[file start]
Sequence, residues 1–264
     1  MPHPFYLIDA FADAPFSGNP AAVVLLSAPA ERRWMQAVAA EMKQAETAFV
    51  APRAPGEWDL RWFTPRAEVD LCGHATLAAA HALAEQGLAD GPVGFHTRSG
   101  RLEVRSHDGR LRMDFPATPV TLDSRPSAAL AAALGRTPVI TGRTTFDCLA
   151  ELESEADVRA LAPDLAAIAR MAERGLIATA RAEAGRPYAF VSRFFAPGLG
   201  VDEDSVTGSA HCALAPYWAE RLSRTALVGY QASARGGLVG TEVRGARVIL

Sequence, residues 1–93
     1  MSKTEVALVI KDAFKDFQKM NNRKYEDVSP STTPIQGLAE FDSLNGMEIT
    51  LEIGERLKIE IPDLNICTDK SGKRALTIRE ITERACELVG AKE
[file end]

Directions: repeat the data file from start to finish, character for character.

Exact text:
Sequence, residues 1–264
     1  MPHPFYLIDA FADAPFSGNP AAVVLLSAPA ERRWMQAVAA EMKQAETAFV
    51  APRAPGEWDL RWFTPRAEVD LCGHATLAAA HALAEQGLAD GPVGFHTRSG
   101  RLEVRSHDGR LRMDFPATPV TLDSRPSAAL AAALGRTPVI TGRTTFDCLA
   151  ELESEADVRA LAPDLAAIAR MAERGLIATA RAEAGRPYAF VSRFFAPGLG
   201  VDEDSVTGSA HCALAPYWAE RLSRTALVGY QASARGGLVG TEVRGARVIL

Sequence, residues 1–93
     1  MSKTEVALVI KDAFKDFQKM NNRKYEDVSP STTPIQGLAE FDSLNGMEIT
    51  LEIGERLKIE IPDLNICTDK SGKRALTIRE ITERACELVG AKE